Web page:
Monday 27 March 2017

Diary of a schoolteacher: Why REM's Michael Stipe and Take That just don't mix

E Grade

Imagine that instead of asking Robbie Williams to rejoin, Take That had hired Michael Stipe of REM to swell their ranks.

Now, I'd actually listen to REM if it weren't for Stipe's whiny and tuneless voice, the factor that in my opinion spoils their best work. I think he has the worst voice in rock music.

So, let me extrapolate this musical nightmare; Take That (with Michael Stipe) record the excellent Circus with an American guy who can't dance, is bald, and worst of all is 14 years older than the peerless Robbie.

Now imagine the reason for Take That taking Michael under their wing is because the Minister for Culture insisted that the hard work and talent of good singers like Mark and Gary should be used to benefit rubbish singers (no fault of their own). They would 'bring them up' and old Baldy's singing would improve as a result of contact with Take That.

Of course it's all nonsense; that slouching piebald grazing on a patch of waste ground won't win the Grand National by sharing a stable with Don't Push It.

Yet this is what we seem to believe in most of our schools as we 'set' the less able (including the downright unwilling) to learn alongside our best pupils.

Streaming was outlawed in Irish schools because it was argued that this way we were creating an educational form of apartheid and so we were told to organise pupils according to subject choice, not ability.

This way, it was argued, we might have several classes in each year, all of them 'mixed ability' but each form differing only in the variety of subject combinations.

Yes, and your kid, who is reading Pride and Prejudice in her own time has been stuck on page 10 of a Maeve Binchy short story in English class since last November.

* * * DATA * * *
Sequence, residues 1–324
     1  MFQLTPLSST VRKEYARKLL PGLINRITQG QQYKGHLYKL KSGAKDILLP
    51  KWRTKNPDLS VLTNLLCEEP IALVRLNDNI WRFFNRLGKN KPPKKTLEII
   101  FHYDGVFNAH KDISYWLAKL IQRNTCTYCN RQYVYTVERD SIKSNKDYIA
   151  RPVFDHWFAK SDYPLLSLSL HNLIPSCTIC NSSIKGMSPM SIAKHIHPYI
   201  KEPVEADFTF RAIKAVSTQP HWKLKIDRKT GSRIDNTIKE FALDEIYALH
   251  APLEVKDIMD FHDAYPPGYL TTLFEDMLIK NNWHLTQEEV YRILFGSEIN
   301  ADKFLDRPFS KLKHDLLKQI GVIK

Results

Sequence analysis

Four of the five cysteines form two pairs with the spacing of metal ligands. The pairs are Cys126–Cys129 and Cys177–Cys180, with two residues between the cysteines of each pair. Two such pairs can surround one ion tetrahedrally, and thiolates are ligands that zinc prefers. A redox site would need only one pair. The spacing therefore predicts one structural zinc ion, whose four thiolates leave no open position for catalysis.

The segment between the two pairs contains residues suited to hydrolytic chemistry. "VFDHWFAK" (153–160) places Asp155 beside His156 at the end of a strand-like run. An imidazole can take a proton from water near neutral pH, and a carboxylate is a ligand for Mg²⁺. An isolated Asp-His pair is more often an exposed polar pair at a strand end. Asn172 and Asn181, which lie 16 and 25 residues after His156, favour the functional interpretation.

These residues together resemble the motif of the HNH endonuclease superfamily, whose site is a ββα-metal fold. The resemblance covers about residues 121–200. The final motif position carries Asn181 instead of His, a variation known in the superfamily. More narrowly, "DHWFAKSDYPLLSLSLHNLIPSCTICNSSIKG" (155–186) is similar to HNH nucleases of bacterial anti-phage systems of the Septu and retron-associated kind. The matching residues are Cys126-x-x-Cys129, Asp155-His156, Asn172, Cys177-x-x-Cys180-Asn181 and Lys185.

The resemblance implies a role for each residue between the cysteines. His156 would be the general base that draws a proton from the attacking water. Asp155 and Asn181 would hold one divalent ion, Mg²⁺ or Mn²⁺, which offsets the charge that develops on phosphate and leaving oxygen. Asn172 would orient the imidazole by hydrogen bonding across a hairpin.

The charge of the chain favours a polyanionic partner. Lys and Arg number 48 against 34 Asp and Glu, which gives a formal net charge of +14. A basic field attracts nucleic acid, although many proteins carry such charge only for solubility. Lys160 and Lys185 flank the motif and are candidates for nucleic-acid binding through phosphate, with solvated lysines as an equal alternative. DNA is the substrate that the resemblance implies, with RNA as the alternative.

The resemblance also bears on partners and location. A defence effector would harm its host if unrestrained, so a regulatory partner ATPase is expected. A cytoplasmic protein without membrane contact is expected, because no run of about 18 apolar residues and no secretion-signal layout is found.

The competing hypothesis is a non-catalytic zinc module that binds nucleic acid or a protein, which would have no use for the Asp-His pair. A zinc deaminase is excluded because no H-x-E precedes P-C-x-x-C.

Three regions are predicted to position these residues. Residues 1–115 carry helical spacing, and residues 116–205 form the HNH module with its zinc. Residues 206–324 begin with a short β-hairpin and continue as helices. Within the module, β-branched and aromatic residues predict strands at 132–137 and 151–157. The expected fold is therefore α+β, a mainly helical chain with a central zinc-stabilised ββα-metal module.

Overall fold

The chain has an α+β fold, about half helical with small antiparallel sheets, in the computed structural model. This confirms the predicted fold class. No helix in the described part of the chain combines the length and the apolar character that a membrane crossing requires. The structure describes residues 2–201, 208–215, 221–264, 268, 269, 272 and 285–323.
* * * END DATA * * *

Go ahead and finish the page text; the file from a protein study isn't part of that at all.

As a teacher I would forgive you for thinking that if some of your daughter's class have problems grasping a story set a few miles away from where they are sitting, about the kind of people passing by the gates of the school at this very moment, then both those needing extra support and the more gifted should both be allowed learn in their own time. And space.

The very cynical among us might see in this the interests of unelected bodies (quangos) taking advantage of a convenient ideology so that they can set up research programmes and then issue publications to justify their salaries.

In my experience as a student and then a teacher almost nobody benefits from mixed-ability classes.

As a pupil I started in a mixed-ability honours maths and ended up being taught along with my fellow cretins how to scrape a pass by the PE teacher who actually dribbled on to my copy! But nowadays pupils require patience as well as brains, as they wait for their classmates to move on or for their teacher to bring them under control.

It doesn't work in life, why should it in classrooms?

Irish Independent

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